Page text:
And those concerns were also raised by the Delegated Powers Committee and the Constitution Committee. My Lords – the collective memory of this Government is at fault.

In 2005-2010, the Labour Government lost 145 votes, including a second reading and a fatal SI.

In 2001-2005, the Labour Government suffered 245 defeats – and that was with an elected Commons majority of 167.

And that was when the NL Strathclyde was Leader of the Opposition. My Lords – I think there are two Lord Strathclydes.  

There’s the one that used to do my job as Leader of the Opposition who would – and I’m sure has – made the points I’m making now. And then there’s the new version that we see today – the only difference is Government.  

We lost serious major votes on terrorism and security legislation. I can’t recall a single vote that this Government has lost that is of that magnitude or seriousness.

And my Lords it has to be taken into account that we vote far less often that the Other Place. They have voted 137 times in this Parliament.  We’ve voted just 42. And that’s because in recognising the role of the Second Chamber we are more selective and more cautious in when we choose to vote.

But my Lords – let us be honest with ourselves.  This is not about tax credits or any of the other issues on which Your Lordships House has disagreed with the Government.

If it was, it would be a massive overreaction. It is far more serious that than.

Let’s see these changes in the wider context. In the context of:

  • the misnamed Lobbying Bill - or gagging bill -  that has made it so much harder for charities and campaigning organisations to be effective in their campaigning and lobbying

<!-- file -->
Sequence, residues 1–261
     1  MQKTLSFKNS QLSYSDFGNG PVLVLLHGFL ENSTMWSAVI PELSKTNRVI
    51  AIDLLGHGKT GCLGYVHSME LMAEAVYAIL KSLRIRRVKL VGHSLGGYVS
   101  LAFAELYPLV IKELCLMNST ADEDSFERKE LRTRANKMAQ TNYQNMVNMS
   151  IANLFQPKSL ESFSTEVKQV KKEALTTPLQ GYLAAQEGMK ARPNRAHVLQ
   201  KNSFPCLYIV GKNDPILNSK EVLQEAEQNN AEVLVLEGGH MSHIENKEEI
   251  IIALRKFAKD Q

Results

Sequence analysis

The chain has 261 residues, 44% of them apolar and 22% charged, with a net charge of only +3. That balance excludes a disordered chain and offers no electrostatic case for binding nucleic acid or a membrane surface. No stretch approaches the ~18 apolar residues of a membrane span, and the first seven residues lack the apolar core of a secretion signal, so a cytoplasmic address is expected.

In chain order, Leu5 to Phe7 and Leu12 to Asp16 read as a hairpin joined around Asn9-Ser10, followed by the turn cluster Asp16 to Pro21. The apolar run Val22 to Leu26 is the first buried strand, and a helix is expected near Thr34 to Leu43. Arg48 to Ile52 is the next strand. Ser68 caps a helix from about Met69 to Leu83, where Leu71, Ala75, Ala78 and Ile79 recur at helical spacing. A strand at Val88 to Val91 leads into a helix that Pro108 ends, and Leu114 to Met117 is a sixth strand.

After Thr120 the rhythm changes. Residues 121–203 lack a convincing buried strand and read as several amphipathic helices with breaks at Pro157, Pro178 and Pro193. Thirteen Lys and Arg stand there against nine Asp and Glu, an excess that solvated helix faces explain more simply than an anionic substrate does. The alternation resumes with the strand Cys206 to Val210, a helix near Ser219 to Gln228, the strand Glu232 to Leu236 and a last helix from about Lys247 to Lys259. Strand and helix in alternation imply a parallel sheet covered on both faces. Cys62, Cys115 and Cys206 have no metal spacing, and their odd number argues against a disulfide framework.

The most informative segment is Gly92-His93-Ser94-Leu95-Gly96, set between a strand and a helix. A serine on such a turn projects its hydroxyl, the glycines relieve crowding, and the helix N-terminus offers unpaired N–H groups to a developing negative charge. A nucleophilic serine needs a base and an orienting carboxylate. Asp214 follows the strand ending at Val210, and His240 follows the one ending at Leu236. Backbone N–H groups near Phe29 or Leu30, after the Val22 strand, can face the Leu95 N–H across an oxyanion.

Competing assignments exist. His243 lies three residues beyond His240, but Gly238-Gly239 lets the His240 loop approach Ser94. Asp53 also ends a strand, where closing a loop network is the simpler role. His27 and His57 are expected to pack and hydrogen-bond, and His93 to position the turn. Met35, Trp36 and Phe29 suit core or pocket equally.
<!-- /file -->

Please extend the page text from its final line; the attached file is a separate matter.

• the weakening of the Freedom of Information legislation 
  • for the first time ever, Government has instructed the Boundaries Commission as to how many constituencies there should be – knowing that the reduction favours Conservative over Labour 
  • whilst at the same time appointing members of this House at a faster rate than any Prime Minister in our history – and with the greatest proportion ever of Government Peers 
  • making harder through Individual Electoral registration, to register to vote 
  • English Votes for English laws – who knows where that will lead 
  • And – leaping in where the late Lady Thatcher chose not to tread – the Trade Union Bill.  Not only does that Bill make it harder for campaigning and funding for Trade Unions, it will also completely undermine the funding of the Labour Party – whilst keeping very quiet about Conservative Party funding.

My Lords, all this paints a very unattractive picture of a Prime Minister and a Government that will not tolerate challenge; that loathes scrutiny and fears questioning.

The evidence base for the changes proposed are weak.

We are very open to genuine suggestions for clarification, for modernisation and for changes. But that has to be in the context of fulfilling our duty and our legitimate constitutional role. And not just because the Government didn’t like losing a vote.

So, finally, four key questions for the Noble Lady, the leader of the House:

  • When will the Government respond to this Report?
  • Does she accept the assertion in the report that too much is being done through secondary legislation?
  • What consultation will there be prior to any decision by Government?
  • And can she comment on suggestions that the Government intends to use the Parliament Act to force any legislation through?


Baroness Angela Smith of Basildon is Shadow Leader of the House of Lords. She tweets @LadyBasildon

Published 17th December 2015